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Researching legal histories

By Caroline Derry and Carol Howells

The Legal History research cluster brings together a diverse range of research work.

Through their work, members of the legal history cluster examine law and its relationship to the larger world of social movements, economic change, politics, and government.

Reflecting on different time periods offers the opportunity to contrast present circumstances with the past.

Benefits of such research include exploration of legal issues over longer timeframes, a chance to explore how legal problems currently challenging us arose, and the social, political, and economic forces that change and influence the world we live and work in today.

Research into legal history helps to inform and develop wider legal study, providing a rich foundation and understanding which underpins current issues and challenges. 

Legal Histories Research Cluster

This research cluster provides a collaborative space for academics, PhD students and visiting researchers interested in legal histories.

The Legal History research cluster takes a inclusive teamwork approach which has been demonstrated by several successful events over the past twelve months.

The Diversity, Dilemmas and Discoveries series consists of online events which take place every six months. These have covered women’s entry into the legal profession, histories of legal education, and liability in the new space age celebrating fifty years of the Liability Convention. 

Whilst the focus has been the Diversity, Dilemmas and Discoveries series, a series of workshops whose recordings are available on the Law School YouTube channel, members have participated widely in events both within and outside the Open University.

Olive Clapham

The first event in the series, held to mark the centenary of Olive Clapham becoming the first women to pass the Bar Finals examinations in England and Wales, featured a unique talk by Olive’s daughter and research by Dr Caroline Derry. Panels explored writing feminist legal biographies and women’s professional identities.

The second event’s wide-ranging programme on legal education included cluster members Professor Simon Lee and Carol Howells reflecting on the histories of law schools.

The most recent event, led by Dr Thomas Cheney and Dr Marjan Ajevski, explored where next in space liability and celebrated the fiftieth anniversary of the Liability Convention.

The next event is in the planning stages for autumn 2022. Olive Clapham The Legal History cluster was well represented at a recent research showcase organised to mark Women’s History Month 2022.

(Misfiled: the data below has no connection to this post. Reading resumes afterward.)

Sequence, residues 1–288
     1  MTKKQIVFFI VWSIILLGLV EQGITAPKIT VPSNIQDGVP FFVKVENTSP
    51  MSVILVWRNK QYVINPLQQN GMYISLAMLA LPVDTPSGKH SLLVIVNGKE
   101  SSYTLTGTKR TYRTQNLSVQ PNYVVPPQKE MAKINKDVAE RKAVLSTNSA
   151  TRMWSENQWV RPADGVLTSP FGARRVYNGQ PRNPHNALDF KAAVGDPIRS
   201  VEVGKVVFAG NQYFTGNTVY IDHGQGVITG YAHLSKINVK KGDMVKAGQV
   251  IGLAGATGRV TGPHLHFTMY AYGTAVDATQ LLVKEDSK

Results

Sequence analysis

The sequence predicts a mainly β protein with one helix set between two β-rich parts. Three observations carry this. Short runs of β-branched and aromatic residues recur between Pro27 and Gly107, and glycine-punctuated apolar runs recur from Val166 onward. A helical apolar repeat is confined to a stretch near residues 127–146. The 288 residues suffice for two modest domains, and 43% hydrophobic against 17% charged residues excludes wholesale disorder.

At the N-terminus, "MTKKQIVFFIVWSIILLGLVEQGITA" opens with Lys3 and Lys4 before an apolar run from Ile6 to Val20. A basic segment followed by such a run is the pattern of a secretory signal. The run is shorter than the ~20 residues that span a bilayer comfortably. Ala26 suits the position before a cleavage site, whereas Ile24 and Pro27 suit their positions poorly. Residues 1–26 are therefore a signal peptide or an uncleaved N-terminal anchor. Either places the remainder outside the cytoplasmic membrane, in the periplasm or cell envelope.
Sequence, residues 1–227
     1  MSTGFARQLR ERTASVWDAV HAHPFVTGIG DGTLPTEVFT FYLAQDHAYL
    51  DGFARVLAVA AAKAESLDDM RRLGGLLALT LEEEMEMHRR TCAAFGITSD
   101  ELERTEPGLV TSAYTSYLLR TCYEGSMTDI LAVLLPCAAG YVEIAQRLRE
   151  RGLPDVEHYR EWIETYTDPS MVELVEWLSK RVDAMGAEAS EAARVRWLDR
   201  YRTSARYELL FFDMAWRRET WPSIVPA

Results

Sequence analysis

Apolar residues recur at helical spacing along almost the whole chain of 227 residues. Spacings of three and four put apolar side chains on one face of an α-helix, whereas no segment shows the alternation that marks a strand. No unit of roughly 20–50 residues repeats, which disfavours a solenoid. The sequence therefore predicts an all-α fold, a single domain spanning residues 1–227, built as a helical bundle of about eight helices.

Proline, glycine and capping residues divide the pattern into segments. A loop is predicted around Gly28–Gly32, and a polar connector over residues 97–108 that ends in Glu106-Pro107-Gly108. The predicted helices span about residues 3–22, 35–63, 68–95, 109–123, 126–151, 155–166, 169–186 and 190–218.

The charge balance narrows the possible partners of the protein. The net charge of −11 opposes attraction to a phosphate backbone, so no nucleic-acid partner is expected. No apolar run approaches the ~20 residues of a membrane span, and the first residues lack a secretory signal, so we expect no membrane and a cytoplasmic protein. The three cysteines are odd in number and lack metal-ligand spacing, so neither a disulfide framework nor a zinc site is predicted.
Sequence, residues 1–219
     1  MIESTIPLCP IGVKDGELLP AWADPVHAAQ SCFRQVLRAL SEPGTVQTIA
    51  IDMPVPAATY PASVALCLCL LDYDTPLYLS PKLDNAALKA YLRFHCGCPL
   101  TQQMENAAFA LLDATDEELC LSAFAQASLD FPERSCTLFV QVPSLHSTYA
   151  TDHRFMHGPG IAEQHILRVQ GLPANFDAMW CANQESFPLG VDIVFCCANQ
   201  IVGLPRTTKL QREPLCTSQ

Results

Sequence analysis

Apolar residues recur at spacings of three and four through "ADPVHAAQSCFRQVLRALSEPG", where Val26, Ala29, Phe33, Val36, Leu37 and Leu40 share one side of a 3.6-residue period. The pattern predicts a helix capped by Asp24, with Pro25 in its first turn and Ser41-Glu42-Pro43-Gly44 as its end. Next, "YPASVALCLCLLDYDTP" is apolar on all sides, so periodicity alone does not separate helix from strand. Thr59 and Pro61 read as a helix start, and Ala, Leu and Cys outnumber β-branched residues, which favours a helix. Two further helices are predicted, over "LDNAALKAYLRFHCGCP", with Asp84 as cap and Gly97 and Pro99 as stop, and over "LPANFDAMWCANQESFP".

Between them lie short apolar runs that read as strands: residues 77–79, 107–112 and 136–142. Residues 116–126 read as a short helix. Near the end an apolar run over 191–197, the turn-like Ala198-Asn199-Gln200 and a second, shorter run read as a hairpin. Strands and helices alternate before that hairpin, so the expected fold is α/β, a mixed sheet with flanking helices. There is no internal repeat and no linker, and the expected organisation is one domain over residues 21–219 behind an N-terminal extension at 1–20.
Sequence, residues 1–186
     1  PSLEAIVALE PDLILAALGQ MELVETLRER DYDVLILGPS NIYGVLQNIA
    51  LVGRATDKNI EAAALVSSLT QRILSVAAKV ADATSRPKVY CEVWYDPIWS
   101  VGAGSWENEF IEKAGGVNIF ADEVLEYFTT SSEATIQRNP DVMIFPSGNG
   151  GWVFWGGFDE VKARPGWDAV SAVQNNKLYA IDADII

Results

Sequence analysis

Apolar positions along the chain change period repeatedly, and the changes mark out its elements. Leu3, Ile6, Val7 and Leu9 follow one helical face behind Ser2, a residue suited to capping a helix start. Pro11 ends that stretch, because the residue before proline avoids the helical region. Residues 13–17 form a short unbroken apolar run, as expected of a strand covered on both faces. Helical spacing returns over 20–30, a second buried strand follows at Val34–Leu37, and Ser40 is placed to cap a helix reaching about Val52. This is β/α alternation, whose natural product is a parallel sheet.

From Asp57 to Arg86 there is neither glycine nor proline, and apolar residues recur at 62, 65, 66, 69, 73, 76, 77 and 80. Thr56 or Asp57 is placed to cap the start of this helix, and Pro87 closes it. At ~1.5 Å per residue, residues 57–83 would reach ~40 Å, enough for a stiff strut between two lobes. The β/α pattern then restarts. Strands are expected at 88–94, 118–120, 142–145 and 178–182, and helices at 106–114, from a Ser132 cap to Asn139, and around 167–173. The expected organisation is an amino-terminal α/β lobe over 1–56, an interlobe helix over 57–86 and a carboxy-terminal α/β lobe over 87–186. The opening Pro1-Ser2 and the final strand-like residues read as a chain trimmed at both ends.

In this showcase, Dr Caroline Derry discussed the difficult history of early white women barristers and race, focusing on the questions of why these histories are important, and why early lawyers are not straightforward ‘role models’ but could be regarded as trailblazers.

Other colleagues spoke about their role in the Women’s Legal Landmarks project, including the earliest landmark, women and the laws of Hywel Dda, the 1928 ‘Well of Loneliness’ trial, and the world leading legislation of the Senedd in Cardiff, the Violence Against Women, Domestic Abuse and Sexual Violence (Wales) Act 2015.

Our current research covers the legal profession and legal education, the legal systems of the UK’s four nations, constitutional histories, Nazi law, gender and legal history, international space law, rights and liberties, environmental law, legal biography, and relationships between commonwealth, colonies, and empire.

Work undertaken by members of the cluster is characterised by consideration of a four UK Nations approach, engagement with differing legal traditions, and reflections upon both historical and contemporary laws and law-making processes.

More information about individual and group research interests can be found at and we welcome opportunities to collaborate with colleagues with similar research interests.

Our passion in our research stems from a belief that historical research helps set law within the wider context of social history and democratic developments. That understanding of the past helps underpin an informed contemporary approach to current challenges, developments, and emergencies.

We look forward to welcoming you to one of our events in the Diversity, Dilemmas and Discoveries series.

Caroline Derry

Caroline Derry

Caroline Derry is a Senior Lecturer who teaches and researches criminal law. She is particularly interested in the historical and current criminal regulation of sexuality and gender, and is the author of Lesbianism and the Criminal Law: Three centuries of regulation in England and Wales. Her research interests also include women’s entry into the legal profession.

Carol Howells 

Carol Howells is a Senior Lecturer who teaches and researches constitutional law. She is particularly interested in historical and current constitutional developments, the rights of those marginalised by constitutions and devolution. Her research interests also include the development of the legal jurisdictions within the UK and women’s entry into the professions.